Ebro ceremony for Mick O’Riordan’s ashes
Manus O'Riordan sent this to the site, thanks. Mick's ashes are now scattered but his memory and that of all the anti-fascists will live on.
Ciaran Crossey, May 16th 2007.
On 12 May 2007 the ashes of Irish International Brigader Micheal O’Riordan [1917-2006] were scattered by his family in the river Ebro near Asco, Catalunya. This was where he had carried the flag of Catalunya across the Ebro on 25 July 1938, on behalf of the 15th International Brigade’s British Battalion, during the commencement of the final military offensive of the Spanish Republic .
All of Micheal’s family participated in this ceremony of remembrance – his son Manus, daughter Brenda, daughter-in-law Annette, son-in-law Tony; together with Micheal’s five grandchildren: Dara and Caitriona McGaley, and Jess, Neil and Luke O’Riordan. They were joined by the General Secretary of the Communist Party of Ireland, Eugene McCartan, and an internationalist gathering of relatives of Irish, British and German International Brigaders, together with other friends from Britain , Germany , Ireland , Iceland and Catalunya itself.
Brenda sang the Irish-language song “An Raibh Tu Ag An gCarraig?” [Were You At The Rock?]; Manus sang his adaptation of a poem by the French Communist writer Louis Aragon, inspired by the Catalan national hymn “Santa Espina” [Holy Thorn]; all members of the O’Riordan and McGaley families sang “Viva La Quince Brigada!” [Long Live The 15th Brigade!] - the song by Christy Moore inspired by his reading of Micheal O’Riordan’s “Connolly Column”; while Catalan participants sang the national anthem of Catalunya – “Els Segadors” [The Reapers].
Micheal’s ashes were then scattered in the river Ebro , together with a red carnation tribute from each participant.
Pictured at the Ebro ceremony are: Dara and Caitriona holding the Irish tricolour; Luke and Annette holding the banner of the Connolly Column-15 Brigada Internacional, in the colours of the Spanish Republican flag; Manus and Brenda; Jess and Neil holding the Catalan Republican flag.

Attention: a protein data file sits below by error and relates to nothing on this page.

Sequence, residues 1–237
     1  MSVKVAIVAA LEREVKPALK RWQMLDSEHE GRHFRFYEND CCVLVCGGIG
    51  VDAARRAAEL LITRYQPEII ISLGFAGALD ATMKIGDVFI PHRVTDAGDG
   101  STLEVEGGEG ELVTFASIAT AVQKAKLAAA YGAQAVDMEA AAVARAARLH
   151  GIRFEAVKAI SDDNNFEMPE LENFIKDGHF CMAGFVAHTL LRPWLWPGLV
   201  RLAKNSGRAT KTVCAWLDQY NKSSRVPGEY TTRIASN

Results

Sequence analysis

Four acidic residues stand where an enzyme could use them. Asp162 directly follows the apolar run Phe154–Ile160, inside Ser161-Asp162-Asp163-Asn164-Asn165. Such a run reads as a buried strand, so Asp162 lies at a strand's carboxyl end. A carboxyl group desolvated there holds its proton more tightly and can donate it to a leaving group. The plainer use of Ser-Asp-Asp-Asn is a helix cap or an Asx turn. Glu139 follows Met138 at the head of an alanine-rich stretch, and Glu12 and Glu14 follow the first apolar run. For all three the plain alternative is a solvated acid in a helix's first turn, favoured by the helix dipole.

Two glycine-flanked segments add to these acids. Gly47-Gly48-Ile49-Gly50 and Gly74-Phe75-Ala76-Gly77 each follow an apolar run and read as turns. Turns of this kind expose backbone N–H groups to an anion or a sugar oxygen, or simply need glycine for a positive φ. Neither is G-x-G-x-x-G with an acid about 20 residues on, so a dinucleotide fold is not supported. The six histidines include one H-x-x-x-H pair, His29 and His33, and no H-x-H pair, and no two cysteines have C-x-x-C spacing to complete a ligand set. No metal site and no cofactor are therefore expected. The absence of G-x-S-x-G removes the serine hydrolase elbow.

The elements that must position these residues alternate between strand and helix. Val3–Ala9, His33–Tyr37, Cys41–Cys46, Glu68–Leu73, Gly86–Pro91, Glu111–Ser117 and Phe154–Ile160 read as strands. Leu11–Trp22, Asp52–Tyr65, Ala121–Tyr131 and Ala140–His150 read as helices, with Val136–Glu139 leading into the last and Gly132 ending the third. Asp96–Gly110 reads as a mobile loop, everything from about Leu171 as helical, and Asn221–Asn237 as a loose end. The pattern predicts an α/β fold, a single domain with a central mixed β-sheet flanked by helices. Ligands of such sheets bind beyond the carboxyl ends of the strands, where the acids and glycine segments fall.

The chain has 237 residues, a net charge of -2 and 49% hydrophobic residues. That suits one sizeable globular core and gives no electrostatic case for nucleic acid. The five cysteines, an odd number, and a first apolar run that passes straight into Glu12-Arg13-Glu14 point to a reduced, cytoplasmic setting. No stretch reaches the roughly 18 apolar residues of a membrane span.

A song based on part of the melody of Catalunya’s national hymn, Santa Espina, with words based on the March 1940 poem of the same name by the French Communist poet Louis Aragon. Arranged and sung by Manus O’Riordan on the occasion of the scattering of the ashes of his father – Irish International Brigader Micheál O’Riordan [1917-2006] – in the river Ebro, close to Ascó, Catalunya, by all of the members of Micheál’s family, on 12 May 2007.
It was at Ascó that - in an act of internationalist solidarity - the commander of the Fifteenth International Brigade’s British Battalion, Sam Wild, had chosen the Irish Volunteer for Liberty, Micheál O’Riordan, to carry the flag of Catalunya across the river Ebro on 25 July 1938, on the commencement of the final military offensive of the Spanish Republic.
I remember a tune that we used to hear in Spain
And it made the heart beat faster and all of us knew
Each time as our blood was kindled once again
Just why Catalunya’s sky above us was so blue.
I remember a tune like the voice of open sea
Like the cry of migrant birds, that tune in silence stores
After its notes a stifled sob
Revenge of the salt seas on their conquerors.
I remember a tune that was whistled late at night
In a sunless time, an age with no wandering knight.
While children wept for bombs, huddled deep in catacombs
A noble people dreamt of the tyrant’s doom.
In that tune’s name – Santa Espina – was borne the sacred thorn
That pierced the brow of a god, as on his cross he died.
And all who heard those notes, they felt that song in the flesh
Like the wound in Jesus’ side, as his sorrows were revived.
O Catalans, you hummed that tune, but its words you did not sing.
Before Christ’s name you bowed no more and yet this I do know:
As Franco ravaged Spain, all in the name of Christ the King
Santa Espina was your hope and your month of Sundays O.
How in vain do I still seek that proud yet poignant melody
But this hard earth on which we live now has but operatic tears.
And the sound of murmuring waters has been lost to memory:
That call of stream to stream, in these unhearing years.
O Holy Thorn, Santa Espina, let me hear your notes again
Where we fought with pride, yet often cried with your defiance and your pain.
But no one is left now to intone your proud refrain.
The woods are so silent and the singers dead in Spain.
And yet I hope and do believe that such music still
Lives in the hearts of that proud people, being hummed now underground.
Yes, the dumb will yet sing, and the paralytics will
March in triumph one fine day to Catalunya’s noble sound!
And that piercing crown of blood, so full of anguish and sorrow
Will fall from the brow of the Son of Man that hour!
And man will sing proudly in that new tomorrow
Of Catalunya, Santa Espina, and the hawthorn tree in flower!
Yes, man will sing loudly in that sweet tomorrow
Of the beauty of life and the hawthorn tree in flower!
A collection of aricles, interviews and obituaries for Mick can be read here.